Document Detail

Involuntary memory chains: What do they tell us about autobiographical memory organisation?
MedLine Citation:
PMID:  23016577     Owner:  NLM     Status:  Publisher    
Involuntary memory chains are spontaneous recollections of the past that occur as a sequence of associated memories. This memory phenomenon has provided some insights into the nature of associations in autobiographical memory. For example, it has shown that conceptually associated memories (memories sharing similar content, such as the same people or themes) are more prevalent than general-event associated memories (memories from the same extended event period, such as a trip). This finding has suggested that conceptual associations are a central organisational principle in the autobiographical memory system. This study used involuntary memories chains to gain additional insights into the associative structure of autobiographical memory. Among the main results, we found that general-event associations have higher rates of forgetting than conceptual associations, and in long memory chains (i.e., those with more than two memories) conceptually associated memories were more likely to activate memories in their associative class, whereas general-event associated memories were less likely to activate memories in their associative class. We interpret the results as further evidence that conceptual associations are a major organising principle in the autobiographical memory system, and attempt to explain why general-event associations have shorter lifespans than conceptual associations.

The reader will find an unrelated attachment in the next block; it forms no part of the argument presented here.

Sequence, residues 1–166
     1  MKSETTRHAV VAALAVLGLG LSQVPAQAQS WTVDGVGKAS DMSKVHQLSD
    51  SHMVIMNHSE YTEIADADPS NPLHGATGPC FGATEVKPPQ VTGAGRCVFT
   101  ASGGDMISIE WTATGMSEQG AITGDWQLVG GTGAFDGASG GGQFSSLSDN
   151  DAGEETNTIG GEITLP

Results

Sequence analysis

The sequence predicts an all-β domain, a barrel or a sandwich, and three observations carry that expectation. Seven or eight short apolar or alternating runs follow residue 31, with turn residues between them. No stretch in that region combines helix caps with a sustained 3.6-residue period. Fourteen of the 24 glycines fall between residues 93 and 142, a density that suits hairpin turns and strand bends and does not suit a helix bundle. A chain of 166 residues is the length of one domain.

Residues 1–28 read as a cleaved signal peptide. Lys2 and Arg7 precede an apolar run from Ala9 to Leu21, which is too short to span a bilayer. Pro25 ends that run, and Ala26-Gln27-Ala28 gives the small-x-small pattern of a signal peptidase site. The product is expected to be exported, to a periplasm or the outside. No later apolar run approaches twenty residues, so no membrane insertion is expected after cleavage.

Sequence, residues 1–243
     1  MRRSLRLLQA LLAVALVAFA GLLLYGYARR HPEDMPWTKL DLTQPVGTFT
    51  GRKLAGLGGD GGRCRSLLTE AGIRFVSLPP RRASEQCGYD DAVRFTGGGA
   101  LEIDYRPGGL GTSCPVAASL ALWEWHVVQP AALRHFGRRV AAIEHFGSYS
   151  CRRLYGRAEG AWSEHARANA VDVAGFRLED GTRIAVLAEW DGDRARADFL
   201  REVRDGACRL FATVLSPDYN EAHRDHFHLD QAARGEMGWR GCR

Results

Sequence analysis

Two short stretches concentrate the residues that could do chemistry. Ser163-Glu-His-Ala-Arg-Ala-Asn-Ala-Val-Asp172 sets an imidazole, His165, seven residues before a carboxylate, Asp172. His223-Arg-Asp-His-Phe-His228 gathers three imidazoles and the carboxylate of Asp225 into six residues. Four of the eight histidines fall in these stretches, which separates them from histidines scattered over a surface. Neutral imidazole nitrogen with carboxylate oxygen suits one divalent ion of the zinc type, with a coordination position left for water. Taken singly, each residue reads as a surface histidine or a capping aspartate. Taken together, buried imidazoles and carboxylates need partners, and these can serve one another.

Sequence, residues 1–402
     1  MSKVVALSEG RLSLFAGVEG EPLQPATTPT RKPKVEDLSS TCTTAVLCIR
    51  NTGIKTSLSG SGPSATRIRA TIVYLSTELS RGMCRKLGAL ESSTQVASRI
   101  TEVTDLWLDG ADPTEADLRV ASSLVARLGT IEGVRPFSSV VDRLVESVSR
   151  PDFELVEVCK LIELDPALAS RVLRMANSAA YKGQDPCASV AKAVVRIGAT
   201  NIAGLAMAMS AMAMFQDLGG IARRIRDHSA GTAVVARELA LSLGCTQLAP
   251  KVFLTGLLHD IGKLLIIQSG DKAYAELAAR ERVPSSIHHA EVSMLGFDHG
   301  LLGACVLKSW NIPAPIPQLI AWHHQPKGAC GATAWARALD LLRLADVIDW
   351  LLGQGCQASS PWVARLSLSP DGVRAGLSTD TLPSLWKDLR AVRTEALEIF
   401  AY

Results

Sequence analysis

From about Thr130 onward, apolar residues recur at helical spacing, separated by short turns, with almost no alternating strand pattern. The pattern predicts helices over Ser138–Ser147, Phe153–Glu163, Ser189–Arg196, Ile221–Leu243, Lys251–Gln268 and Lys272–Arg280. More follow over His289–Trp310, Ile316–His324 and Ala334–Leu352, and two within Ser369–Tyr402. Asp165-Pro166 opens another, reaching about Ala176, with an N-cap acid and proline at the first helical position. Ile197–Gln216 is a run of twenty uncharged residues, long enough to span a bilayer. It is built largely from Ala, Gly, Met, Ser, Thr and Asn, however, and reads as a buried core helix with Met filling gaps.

John H Mace; Amanda M Clevinger; Ronan S Bernas
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Publication Detail:
Type:  JOURNAL ARTICLE     Date:  2012-9-27
Journal Detail:
Title:  Memory (Hove, England)     Volume:  -     ISSN:  1464-0686     ISO Abbreviation:  Memory     Publication Date:  2012 Sep 
Date Detail:
Created Date:  2012-9-28     Completed Date:  -     Revised Date:  -    
Medline Journal Info:
Nlm Unique ID:  9306862     Medline TA:  Memory     Country:  -    
Other Details:
Languages:  ENG     Pagination:  -     Citation Subset:  -    
a Department of Psychology , Eastern Illinois University , Charleston , IL , USA.
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